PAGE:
I would like to draw your attention to another issue. The targets that the Turkish Air Force hit in Syria included media facilities: a local TV and radio broadcasting station. Reports say some of your colleagues from the media centre of Kurdish self-defence forces were killed, among others. I would like to see the reaction of the relevant organisations and the journalistic community.
Syria’s government forces are successfully advancing on the positions of ISIS and Jabhat al-Nusra terrorists. The offensive in the north of Hama Province is moving forward. Despite the fierce resistance put up by Nusra and its allies, the large towns of Halfaya and Taybat al-Imam have been liberated. At present, the army is exploiting its strategic success, advancing toward the border of Hama and Idlib Provinces.
On April 19 and 21, Russian Aerospace Forces aircraft destroyed Jabhat al-Nusra’s large training camps in Idlib Province. The strikes were carried out with coordinates received from the so-called competing group, Jaysh al-Izzah.
The dynamic of events in Syria underscores the pressing need for an international meeting on Syria in Astana. The next meeting is scheduled for May 3-4. We hope that the Astana process will help record positive trends in the development of the situation in Syria, prevent the deterioration of the military-political situation and help the Syrian parties in search of compromise solutions, which would put an end to the protracted intra-Syrian confrontation and prevent terrorists from gaining full control of Syria and the entire Middle East region.
According to media reports, in the early hours of April 27, Israeli Air Force jets conducted a strike on Damascus International Airport. According to Syria’s SANA news agency, a source in the Syrian Army described the attack as Israeli aggression against Syrian military installations southwest of the Damascus airport. The Israeli military declined to comment on reports of the strike. At the same time Israeli Transportation and Intelligence Minister Yisrael Katz said in an interview with IDF Radio that “the incident is completely compatible with Israel’s policy principles.”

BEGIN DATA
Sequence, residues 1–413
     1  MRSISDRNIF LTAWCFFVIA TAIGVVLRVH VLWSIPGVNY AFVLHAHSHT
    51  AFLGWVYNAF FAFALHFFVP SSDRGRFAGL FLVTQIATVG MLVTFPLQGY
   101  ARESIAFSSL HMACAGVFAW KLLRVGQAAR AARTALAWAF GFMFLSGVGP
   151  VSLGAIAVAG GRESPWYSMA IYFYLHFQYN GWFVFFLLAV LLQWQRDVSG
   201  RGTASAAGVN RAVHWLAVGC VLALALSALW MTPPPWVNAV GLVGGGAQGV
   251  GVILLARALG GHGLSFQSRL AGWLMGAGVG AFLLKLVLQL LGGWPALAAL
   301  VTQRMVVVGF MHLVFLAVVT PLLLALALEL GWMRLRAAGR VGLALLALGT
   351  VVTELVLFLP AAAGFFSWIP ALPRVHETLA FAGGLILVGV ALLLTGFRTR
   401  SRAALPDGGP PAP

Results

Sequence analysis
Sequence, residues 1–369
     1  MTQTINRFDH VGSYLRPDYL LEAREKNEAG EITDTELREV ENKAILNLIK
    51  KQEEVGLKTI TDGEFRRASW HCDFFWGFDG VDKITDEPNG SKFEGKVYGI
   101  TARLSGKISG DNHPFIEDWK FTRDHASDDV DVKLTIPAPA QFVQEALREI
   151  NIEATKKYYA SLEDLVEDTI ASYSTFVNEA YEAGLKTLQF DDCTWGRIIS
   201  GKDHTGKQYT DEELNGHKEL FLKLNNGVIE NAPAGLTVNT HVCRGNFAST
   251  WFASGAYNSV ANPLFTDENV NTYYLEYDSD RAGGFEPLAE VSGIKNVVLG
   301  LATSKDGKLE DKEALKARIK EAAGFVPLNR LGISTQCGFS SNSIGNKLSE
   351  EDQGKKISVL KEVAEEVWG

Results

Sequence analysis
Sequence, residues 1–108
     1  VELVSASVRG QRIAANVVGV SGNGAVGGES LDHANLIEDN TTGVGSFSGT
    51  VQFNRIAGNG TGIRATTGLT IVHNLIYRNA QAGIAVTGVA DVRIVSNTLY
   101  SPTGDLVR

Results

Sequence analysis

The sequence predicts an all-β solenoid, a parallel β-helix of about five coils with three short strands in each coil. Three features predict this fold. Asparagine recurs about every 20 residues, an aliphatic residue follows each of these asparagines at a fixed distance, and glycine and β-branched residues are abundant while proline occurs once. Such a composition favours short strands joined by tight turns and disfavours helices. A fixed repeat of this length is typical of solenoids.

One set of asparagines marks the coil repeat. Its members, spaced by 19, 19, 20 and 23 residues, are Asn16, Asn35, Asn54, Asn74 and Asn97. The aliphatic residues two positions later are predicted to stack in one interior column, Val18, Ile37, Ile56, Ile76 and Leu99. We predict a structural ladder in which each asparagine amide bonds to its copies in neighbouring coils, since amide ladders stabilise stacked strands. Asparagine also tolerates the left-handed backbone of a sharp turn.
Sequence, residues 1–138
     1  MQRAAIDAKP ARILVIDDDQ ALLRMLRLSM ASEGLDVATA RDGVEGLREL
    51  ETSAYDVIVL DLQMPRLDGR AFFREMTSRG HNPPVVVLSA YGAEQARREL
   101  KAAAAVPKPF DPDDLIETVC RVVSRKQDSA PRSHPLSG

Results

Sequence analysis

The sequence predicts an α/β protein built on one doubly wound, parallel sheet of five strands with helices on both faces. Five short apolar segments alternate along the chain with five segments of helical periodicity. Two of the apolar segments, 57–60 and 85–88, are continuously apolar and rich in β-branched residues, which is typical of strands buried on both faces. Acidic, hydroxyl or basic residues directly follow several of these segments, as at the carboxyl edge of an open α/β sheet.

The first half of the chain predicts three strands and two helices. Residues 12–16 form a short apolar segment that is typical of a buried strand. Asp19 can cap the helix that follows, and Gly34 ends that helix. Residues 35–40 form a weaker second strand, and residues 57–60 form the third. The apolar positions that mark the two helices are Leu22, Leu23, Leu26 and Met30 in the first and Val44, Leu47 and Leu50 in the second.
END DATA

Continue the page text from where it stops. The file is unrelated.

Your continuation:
Moscow condemns acts of aggression against Syria and considers them unacceptable and at odds with the principles and norms of international law. We urge all parties to respect the sovereignty and territorial integrity of Syria, a UN member state. It would be not a bad idea to reflect on international law and its violations – something that our Western colleagues have talked so much about in recent years, for example, our EU colleagues, who suddenly began to remind everybody about the need to observe international law. It would be useful to assess the extent to which it has been violated now.
Whatever reasons might be invoked to justify gross violations of Syria’s sovereignty, they are unacceptable. They pose a threat to international peace and security and destabilise the existing world order. Among other things, such actions play into the hands of ISIS and al-Nusra terrorists, which also seriously undermines the efforts aimed at achieving a political settlement of the Syria crisis as soon as possible, based on internationally coordinated decisions, above all UN Security Council Resolution 2254.
Improving the humanitarian situation in Syria and providing aid to those in need is one of Russia’s priorities in Syria.
We have often talked about the Russian military’s contribution to achieving this goal. They deliver food, water and basic necessities to the Syrian people, often at the risk of their lives.
The situation in Deir ez-Zor, where about 200,000 people have been under ISIS siege for over three years now, is also the focus of our attention. Russian airplanes regularly deliver humanitarian aid to the besieged people by using parachute platforms, including aid that the Syrian authorities receive from the UN. The most recent aid delivery – 21tonnes of food – was made on April 24-25.
According to the UN, more than a half of Syria’s population – 13.5 million people, including 6.5 million children – need humanitarian aid; 11.5 million people need medical care and 12.1 million have no access to drinking water.
Russia is doing its utmost to ease the suffering of the Syrian people regardless of their ethnic or religious background, political sympathies or antipathies. We call on our Western colleagues to do the same, depoliticise the humanitarian aid issue in Syria, and focus on the interests of those in need. People need bread, water and fuel to keep their homes warm; they need basic aid to survive. Alas, our Western partners, who tend to worry over non-issues, prefer to impose new sanctions, which only make the situation worse.
I would like to draw your attention to new facts exposing the activity of the White Helmets, a notorious organisation that is discrediting itself. This entire activity can be described as pseudo-humane or pseudo-humanitarian. There is evidence that some actions taken by members of this organisation not only prevent it from claiming the status of a humanitarian NGO or “saviours of the Syrian people,” but can be put in the same category as extremism and war crimes.